Another potential example of noncanonical functionality of CRISPR/Cas systems in gene regulation and virulence may involve self-targeting crRNAs with spacer sequences complementary to chromosomally encoded genes [15], [16]. For example, self-targeting crRNAs are predicted to target hypothetical proteins in the pathogens Clostridium botulinum, N. meningitidis, and Yersinia pestis, two sporulation genes and a gene involved in S-layer biosynthesis in Clostridium tetani, and the fdrA gene involved in protein transport in Enterobacter spp. [15]. Since crRNAs are known to target DNA, their specificity for chromosomal genes has been suggested to likely result in detrimental chromosomal cleavage, which can result in large chromosomal deletions, and thus has been termed “autoimmunity” [17]. It has been hypothesized that self-targeting crRNAs can be tolerated if CRISPR/Cas systems in bacteria encoding them are either nonfunctional or are significantly degenerated, thereby preventing “autoimmune” recognition and cleavage of the chromosome [15]. Indeed, CRISPR/Cas systems encoding self-targeting crRNAs often have degenerated Cas proteins [15], [16]. However, this could nonetheless be consistent with a role in gene regulation for at least some self-targeting crRNAs [16]. Inactive Cas1 and Cas2 proteins would not necessarily inhibit self-targeting abilities, but instead prevent acquisition of new crRNAs [3], [4]. Since acquisition of new crRNAs can lead to loss of previously acquired crRNAs [18], degeneration of Cas1 and Cas2 may actually be favored to prevent loss of regulatory crRNAs. Additionally, it has been demonstrated that a catalytically inactive Cas9 is still capable of binding DNA targets and inhibiting transcription, resulting in repression of the targeted gene [19]. Therefore, degenerated Cas proteins could theoretically still participate in gene regulation. Furthermore, the CRISPR/Cas system in P. aeruginosa, capable of targeting a chromosomally integrated element without causing chromosomal degradation, is fully functional against bacteriophage infection, suggesting that chromosomal targeting by an active CRISPR/Cas system does not necessarily lead to “autoimmune” events [11], [12], [20]. Finally, as observed in F. novicida, if mRNA but not DNA is targeted (i.e., FTN_1103) [5], there would be no negative selection against targeting endogenous genes in the chromosome. It is therefore tempting to speculate that self-targeting crRNAs may act as regulatory elements in at least some of the aforementioned and other pathogens.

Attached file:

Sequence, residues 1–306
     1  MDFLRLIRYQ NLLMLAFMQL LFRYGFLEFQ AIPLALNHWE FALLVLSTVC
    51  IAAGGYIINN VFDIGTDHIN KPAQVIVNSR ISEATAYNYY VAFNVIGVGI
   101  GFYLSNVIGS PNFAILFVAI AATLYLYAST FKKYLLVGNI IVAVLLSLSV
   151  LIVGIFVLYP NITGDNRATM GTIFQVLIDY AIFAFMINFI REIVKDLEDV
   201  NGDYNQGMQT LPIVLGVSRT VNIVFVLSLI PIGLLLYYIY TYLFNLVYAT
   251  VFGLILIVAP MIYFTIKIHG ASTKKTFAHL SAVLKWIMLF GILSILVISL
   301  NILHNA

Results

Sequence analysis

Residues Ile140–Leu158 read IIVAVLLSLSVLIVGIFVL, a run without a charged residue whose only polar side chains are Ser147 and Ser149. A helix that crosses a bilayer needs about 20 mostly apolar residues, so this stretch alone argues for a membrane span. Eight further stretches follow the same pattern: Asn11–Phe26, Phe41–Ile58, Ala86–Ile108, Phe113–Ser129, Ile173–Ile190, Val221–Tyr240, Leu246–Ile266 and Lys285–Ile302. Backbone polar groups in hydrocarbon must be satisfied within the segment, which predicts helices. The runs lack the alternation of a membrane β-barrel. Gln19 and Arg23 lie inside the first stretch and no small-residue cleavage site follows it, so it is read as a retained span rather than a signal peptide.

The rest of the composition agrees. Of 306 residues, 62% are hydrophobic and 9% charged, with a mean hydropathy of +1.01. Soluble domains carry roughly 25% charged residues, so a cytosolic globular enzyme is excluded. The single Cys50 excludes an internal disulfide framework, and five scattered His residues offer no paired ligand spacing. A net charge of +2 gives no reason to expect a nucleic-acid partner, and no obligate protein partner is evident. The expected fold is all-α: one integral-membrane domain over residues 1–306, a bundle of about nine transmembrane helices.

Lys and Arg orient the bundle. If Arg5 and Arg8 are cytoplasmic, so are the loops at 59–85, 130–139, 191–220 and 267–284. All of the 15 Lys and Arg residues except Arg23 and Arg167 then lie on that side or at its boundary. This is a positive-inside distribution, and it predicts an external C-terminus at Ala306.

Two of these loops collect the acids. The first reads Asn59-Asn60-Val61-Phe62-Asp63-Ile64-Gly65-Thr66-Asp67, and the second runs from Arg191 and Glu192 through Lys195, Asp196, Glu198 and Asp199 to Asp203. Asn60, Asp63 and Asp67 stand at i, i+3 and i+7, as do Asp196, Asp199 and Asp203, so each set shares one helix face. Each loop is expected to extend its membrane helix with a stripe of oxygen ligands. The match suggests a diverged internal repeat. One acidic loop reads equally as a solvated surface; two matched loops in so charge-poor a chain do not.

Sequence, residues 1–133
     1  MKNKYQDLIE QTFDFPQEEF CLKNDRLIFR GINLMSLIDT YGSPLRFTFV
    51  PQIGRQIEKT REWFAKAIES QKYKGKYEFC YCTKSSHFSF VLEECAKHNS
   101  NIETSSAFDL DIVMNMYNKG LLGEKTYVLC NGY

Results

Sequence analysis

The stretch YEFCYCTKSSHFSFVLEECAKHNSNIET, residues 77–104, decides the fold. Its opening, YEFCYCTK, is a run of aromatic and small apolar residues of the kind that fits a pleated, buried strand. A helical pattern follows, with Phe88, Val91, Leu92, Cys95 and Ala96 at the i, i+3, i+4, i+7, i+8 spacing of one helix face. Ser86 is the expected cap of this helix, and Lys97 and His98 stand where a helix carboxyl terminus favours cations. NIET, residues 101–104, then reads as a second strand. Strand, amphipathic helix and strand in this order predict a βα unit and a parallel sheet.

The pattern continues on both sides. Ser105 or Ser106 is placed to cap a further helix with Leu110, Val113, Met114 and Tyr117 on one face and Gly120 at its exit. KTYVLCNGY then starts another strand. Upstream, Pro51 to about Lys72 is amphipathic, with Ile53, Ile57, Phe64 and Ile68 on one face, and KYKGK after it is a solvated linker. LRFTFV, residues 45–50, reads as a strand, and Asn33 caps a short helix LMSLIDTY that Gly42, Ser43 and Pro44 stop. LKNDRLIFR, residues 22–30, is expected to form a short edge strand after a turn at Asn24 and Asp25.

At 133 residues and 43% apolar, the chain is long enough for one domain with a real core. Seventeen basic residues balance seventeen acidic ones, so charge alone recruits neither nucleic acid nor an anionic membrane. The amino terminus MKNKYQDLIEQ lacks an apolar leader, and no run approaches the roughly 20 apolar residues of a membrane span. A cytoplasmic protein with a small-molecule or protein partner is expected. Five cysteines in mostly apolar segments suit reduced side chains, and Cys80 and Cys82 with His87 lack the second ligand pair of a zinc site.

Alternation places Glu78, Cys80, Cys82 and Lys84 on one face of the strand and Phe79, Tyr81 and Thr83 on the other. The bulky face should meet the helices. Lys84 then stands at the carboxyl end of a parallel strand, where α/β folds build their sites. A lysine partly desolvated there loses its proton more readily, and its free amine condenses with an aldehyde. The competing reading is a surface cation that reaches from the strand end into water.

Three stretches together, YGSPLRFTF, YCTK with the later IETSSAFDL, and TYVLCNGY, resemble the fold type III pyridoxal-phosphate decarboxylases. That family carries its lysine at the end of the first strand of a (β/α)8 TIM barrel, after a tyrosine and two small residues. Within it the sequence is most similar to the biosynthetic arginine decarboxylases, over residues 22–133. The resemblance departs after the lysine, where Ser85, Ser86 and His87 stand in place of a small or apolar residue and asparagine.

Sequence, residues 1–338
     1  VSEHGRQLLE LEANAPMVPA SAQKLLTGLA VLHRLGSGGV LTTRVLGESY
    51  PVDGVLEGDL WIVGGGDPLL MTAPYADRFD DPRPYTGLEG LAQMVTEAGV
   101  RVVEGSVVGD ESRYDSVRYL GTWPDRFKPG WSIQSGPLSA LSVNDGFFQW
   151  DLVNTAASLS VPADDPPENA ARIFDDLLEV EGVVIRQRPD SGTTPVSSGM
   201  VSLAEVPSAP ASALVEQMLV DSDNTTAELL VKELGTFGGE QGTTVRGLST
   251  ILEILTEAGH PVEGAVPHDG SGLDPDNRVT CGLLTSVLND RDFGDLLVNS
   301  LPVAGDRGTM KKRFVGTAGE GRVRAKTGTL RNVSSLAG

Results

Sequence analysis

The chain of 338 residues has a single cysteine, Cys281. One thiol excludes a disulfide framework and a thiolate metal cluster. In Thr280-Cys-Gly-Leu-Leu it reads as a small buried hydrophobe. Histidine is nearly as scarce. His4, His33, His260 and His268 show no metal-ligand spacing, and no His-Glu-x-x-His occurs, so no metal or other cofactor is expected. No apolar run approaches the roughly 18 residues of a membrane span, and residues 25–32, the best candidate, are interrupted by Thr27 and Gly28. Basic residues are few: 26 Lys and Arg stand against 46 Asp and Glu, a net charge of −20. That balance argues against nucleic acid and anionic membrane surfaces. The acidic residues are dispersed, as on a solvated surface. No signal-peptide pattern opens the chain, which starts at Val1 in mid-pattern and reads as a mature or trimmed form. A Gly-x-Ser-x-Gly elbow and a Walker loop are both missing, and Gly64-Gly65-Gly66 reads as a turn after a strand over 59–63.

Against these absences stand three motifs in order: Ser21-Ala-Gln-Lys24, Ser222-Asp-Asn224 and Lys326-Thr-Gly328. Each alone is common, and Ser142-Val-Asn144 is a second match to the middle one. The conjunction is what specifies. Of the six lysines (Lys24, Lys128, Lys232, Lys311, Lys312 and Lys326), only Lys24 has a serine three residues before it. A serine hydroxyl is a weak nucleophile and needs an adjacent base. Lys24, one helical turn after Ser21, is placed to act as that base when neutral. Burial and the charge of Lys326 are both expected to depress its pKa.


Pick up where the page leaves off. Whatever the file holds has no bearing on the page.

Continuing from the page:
While well established to play roles in defending bacteria from bacteriophages and other foreign genetic elements, the critical roles that CRISPR/Cas systems play in the ability of pathogenic organisms to evade host defenses and replicate within the host are just now being appreciated. Given that CRISPR/Cas systems are widely distributed among prokaryotes (∼50% of bacteria and 99% of Archaea) and are present in both pathogenic and commensal organisms [1], as well as their specificity and adaptability, it is very likely that more examples of their alternative functions in gene regulation controlling virulence, commensalism, and broader physiology will be revealed. Future work elucidating how CRISPR/Cas systems contribute to bacterial virulence will allow for the identification of novel host defense evasion strategies that bacterial pathogens utilize during infection.


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PLOS Pathogens

2013 Číslo 10